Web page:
• (1) increasing the share of suitable candidates applying – start-ups such as MeetFrank, but also established platforms such as LinkedIn, use the information provided by job-seekers to match them to interesting jobs by showing them only suitable job offers – and

    • (2) preselecting suitable candidates for organizations by automatically rating the profiles of candidates for active reachout.

  • Diagnostic: Organizations use artificial intelligence to predict personality or core competencies as a screening mechanism for applications. For example, a large personnel service provider requires all applicants to go through a 15-minute telephone interview – with artificial intelligence that uses their answers to build a personality profile with 42 dimensions. Only candidates with a fitting profile for the respective roles are invited to real interviews.

  • Development: Achieving better performance is the goal of the third group of applications. While a large German insurance company uses artificial intelligence to better understand which leaders are likely to drive the digital transformation on the basis of their personality, leading global management consultancies have started efforts to understand how teams need to be staffed to best fit their clients’ needs.

  • Retention: Finally, some organizations try to predict employee behavior and well-being – the goal being to intervene early to reduce unwanted attrition due to insufficient employee satisfaction or health issues. The above-mentioned company SOMA Analytics provides individuals as well as organizations with anonymized profiles and tailored interventions to reduce the risk of stress-related problems.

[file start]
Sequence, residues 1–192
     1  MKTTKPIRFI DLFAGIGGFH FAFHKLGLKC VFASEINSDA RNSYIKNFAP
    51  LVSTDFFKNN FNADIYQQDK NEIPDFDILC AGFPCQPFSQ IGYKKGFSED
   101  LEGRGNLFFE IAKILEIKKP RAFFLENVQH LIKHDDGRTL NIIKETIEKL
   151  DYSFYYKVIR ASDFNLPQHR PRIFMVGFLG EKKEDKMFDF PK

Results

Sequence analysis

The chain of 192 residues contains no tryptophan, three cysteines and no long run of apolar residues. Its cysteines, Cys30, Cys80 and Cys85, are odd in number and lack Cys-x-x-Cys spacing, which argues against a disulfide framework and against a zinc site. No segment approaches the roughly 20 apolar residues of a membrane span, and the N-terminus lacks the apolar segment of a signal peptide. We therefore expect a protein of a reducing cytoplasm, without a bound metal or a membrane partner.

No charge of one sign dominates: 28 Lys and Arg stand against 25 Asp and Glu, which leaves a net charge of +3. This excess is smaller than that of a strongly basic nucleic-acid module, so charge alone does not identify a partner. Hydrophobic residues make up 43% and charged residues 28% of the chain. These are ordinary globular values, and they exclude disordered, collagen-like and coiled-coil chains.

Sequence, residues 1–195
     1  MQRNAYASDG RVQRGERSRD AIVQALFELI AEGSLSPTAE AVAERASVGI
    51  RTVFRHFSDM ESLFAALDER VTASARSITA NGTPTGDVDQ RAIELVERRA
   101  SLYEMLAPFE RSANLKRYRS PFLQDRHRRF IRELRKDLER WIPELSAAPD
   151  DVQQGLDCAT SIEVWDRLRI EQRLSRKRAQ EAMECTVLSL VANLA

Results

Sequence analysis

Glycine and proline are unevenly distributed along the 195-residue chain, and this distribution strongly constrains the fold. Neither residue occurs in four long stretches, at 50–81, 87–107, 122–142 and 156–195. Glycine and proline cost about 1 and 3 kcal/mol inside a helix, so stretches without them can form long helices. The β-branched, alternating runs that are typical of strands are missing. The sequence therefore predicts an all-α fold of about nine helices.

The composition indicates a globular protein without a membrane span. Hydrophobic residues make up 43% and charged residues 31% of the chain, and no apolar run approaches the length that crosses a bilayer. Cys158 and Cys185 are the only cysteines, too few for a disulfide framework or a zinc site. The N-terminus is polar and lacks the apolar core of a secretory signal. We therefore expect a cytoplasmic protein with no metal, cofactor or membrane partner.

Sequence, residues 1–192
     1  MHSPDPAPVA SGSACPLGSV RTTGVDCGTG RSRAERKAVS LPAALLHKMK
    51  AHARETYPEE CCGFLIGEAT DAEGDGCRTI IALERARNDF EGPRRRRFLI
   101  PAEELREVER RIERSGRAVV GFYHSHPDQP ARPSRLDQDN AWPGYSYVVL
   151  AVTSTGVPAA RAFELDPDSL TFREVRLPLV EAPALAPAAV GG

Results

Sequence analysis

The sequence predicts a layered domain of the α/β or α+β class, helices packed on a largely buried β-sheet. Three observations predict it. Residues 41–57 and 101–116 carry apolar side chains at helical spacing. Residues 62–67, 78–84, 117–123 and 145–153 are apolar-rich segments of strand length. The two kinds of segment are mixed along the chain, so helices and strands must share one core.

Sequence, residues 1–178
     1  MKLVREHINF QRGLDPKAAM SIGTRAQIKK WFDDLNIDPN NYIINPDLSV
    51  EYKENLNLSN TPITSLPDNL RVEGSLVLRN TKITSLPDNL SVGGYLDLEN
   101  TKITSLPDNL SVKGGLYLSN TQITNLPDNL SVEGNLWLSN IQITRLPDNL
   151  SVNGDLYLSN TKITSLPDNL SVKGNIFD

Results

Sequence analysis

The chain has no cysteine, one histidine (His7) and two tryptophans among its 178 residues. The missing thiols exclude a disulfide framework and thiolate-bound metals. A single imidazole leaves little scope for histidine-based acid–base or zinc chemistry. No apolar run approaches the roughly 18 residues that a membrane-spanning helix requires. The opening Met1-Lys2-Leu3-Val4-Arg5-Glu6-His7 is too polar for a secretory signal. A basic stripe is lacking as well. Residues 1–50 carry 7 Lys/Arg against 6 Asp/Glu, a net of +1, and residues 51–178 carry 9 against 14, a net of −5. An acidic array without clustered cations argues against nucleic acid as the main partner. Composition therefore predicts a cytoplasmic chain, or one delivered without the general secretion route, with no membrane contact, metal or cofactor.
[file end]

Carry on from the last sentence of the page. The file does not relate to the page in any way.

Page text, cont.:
The examples above show that artificial intelligence could play an important role in almost all aspects of the talent lifecycle. This leads to the question of what the users of artificial intelligence see as advantages that might outweigh the critics’ objections.

The opportunities: faster, objective and comprehensive

Looking through the benefits of artificial intelligence in selection and development, supporters basically point out three opportunities that the methods presented offer:

  • Consistency: Several users of software solutions such as Precire are surprised by the accuracy of the personality model. And they claim that there is significant consistency with the outcome of their other selection and evaluation methods, including multi-day assessment periods. For example, one company reports that the overlap between the assessment of the software and their models is as high as 80-90%. Moreover, it should be noted that no current selection and development methods are yet 100% perfect – researchers have proved that minor variations in job applications such as font size, gender or name had a large impact on invitation and candidates’ success rates.